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"COVID-19 Lockdown Exit Analysis" 8th Apr 2021

Overnight NewsRoundUp

'Vaccine policy is economic policy,' IMF chief stresses

Both the IMF managing director and World Bank president expressed alarm over growing economic inequality on Wednesday after a second day of their organisations' spring meetings.

Unprecedented policy response and speedy vaccine development helped pull the global economy back from the brink last year, but the outlook is still marked by severe uncertainty and increasingly lopsided access to wealth and opportunity, the IMF managing director said.

'There is light at the end of the tunnel,' IMF chief Kristalina Georgieva said, 'this could have been another Great Depression.' The IMF lifted its global growth forecast to 6% in 2021 and 4.4 percent in 2022, but the upgrade is driven primarily by rebounds in the USA, China and India.

'Economic fortunes are diverging dangerously,' Georgieva said, as she presented the IMF's Global Policy Agenda, which urges governments to ensure people have a fair shot at COVID-19 vaccines, economic recovery and stable futures. With more economic scarring possible as job losses, bankruptcies, extreme poverty and hunger swell in some countries, Georgieva said that getting back to business requires ramping up vaccine distribution and ensuring that surplus vaccines are transferred to poorer countries. 'Faster progress in ending the health crisis could add almost $9 trillion to global gross domestic product by 2025' she said. 

Boosting investment in green projects and digital infrastructure both in health and education will require sufficient public funds, Georgieva added, explaining this may lead to progressive taxation and an agreement on minimum taxation for companies and international tax rates. 

More external concessional financing and a further extension of the debt service suspension initiative will help poorer countries deal with the multi-pronged crisis.

World Bank Group President David Malpass said the G20 welcomed the acceleration of the 20th replenishment of the International Development Association - the World Bank's method of providing financing to low-income nations, known as the IDA20 process. G20 leaders have also been keen to discuss transparency in debt contracts and mend unsustainable debt situations, Malpass said.

Malpass touched on several factors exacerbating inequality worldwide, including uneven vaccine access, higher interest rates for poor countries and no bankruptcy option for sovereign nations, which means poorer countries get saddled with burdensome debt.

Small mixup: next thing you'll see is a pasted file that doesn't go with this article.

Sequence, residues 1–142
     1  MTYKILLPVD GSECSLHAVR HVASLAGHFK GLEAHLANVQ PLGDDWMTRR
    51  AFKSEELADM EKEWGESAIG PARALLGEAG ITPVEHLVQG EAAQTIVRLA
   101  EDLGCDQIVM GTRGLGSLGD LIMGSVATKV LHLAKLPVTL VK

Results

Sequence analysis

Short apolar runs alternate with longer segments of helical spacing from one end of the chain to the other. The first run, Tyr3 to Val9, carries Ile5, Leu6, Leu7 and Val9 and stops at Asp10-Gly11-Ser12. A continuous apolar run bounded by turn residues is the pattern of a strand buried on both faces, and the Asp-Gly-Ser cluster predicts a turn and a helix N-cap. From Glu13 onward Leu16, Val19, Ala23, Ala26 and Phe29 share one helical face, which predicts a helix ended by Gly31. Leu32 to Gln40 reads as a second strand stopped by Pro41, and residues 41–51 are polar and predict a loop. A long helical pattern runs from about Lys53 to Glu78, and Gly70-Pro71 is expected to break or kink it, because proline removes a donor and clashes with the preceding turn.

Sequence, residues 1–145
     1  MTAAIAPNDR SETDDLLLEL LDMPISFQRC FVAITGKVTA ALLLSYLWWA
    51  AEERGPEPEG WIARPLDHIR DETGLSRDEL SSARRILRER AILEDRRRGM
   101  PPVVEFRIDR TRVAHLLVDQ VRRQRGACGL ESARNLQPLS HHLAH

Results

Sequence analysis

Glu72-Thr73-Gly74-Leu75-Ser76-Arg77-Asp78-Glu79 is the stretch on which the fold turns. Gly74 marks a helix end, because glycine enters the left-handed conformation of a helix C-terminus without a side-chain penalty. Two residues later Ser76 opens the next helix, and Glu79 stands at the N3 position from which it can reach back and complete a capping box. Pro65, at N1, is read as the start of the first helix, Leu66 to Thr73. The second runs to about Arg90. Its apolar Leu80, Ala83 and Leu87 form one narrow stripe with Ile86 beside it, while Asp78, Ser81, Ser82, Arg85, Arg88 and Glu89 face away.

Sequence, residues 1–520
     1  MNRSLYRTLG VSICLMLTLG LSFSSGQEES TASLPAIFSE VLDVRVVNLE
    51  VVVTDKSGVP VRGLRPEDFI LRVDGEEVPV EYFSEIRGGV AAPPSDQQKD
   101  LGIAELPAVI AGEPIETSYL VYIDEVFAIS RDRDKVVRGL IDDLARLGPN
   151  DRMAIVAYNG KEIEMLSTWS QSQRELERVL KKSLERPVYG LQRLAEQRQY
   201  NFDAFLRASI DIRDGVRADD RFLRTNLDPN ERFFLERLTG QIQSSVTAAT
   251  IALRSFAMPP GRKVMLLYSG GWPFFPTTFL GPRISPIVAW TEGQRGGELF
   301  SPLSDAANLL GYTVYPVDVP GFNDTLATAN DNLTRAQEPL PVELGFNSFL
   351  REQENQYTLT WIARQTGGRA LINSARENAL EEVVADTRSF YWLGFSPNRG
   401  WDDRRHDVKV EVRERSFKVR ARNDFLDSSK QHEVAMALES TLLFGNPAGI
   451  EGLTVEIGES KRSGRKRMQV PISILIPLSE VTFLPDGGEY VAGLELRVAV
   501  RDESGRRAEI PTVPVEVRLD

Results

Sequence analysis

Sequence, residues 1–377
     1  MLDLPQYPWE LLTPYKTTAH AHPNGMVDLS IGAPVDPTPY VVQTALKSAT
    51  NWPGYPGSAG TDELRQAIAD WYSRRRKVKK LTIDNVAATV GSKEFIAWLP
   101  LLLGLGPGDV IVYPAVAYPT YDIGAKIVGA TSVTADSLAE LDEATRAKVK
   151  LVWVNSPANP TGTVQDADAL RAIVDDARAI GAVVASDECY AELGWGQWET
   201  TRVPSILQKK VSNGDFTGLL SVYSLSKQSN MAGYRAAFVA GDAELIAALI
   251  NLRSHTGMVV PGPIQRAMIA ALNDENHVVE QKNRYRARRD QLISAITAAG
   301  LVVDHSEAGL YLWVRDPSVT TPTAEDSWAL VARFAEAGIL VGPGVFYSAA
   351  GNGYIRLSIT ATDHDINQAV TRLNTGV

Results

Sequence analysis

‘Vaccine policy is economic policy,’ IMF chief stresses
‘Vaccine policy is economic policy,’ IMF chief stresses
Unprecedented policy response and speedy vaccine development helped pull the global economy back from the brink last year, but the outlook is still marked by severe uncertainty and increasingly lopsided access to wealth and opportunity, the International Monetary Fund’s (IMF) managing director said on Wednesday. “There is light at the end of the tunnel,” IMF chief Kristalina Georgieva said at a virtual news conference on the second day of the World Bank and IMF’s week-long spring meetings. “This could have been another Great Depression.”
Africa needs £9bn to buy enough vaccines to stop Covid-19 spread, say World Bank and IMF
Africa needs £9bn to buy enough vaccines to stop Covid-19 spread, say World Bank and IMF
Africa needs around £9bn ($12bn) to buy and distribute Covid-19 vaccines to reach enough people to stop the coronavirus spreading, according to a new paper by the World Bank and the International Monetary Fund. The world's rich G20 countries should also extend a debt moratorium until the end of the year to help the poorest countries through the pandemic, the paper said. The money needed by Africa roughly is roughly the same as debt repayments already deferred by 45 of the poorest countries, the bodies said. Meanwhile a new Rockefeller Foundation report found that moves to bolster the IMF's emergency reserves could provide billions for poor countries to vaccinate, at no added cost to rich countries.
‘We failed the test’ of COVID-19, says human rights champion
‘We failed the test’ of COVID-19, says human rights champion
Agnès Callamard is best known for her investigation into the killing of Saudi journalist Jamal Khashoggi, and has made a career uncovering extrajudicial killings. The French human rights expert’s focus on rights abuses is taking on new dimensions as she assumes leadership of Amnesty International and turns her attention to what she says is one of the world’s most pressing issues — vaccine equity to end the coronavirus pandemic, which has eroded freedoms globally.
China’s vaccine diplomacy stumbles in Southeast Asia
China’s vaccine diplomacy stumbles in Southeast Asia
In May last year, at the height of the COVID-19 pandemic, Chinese President Xi Jinping declared that his country would soon provide safe and effective vaccines as a “global public good”, especially to the developing world. To this end, the Chinese leader launched a massive state-backed campaign, allocating large amounts of subsidies and corralling up to 22 firms and research institutes to work on as many as 17 vaccine projects.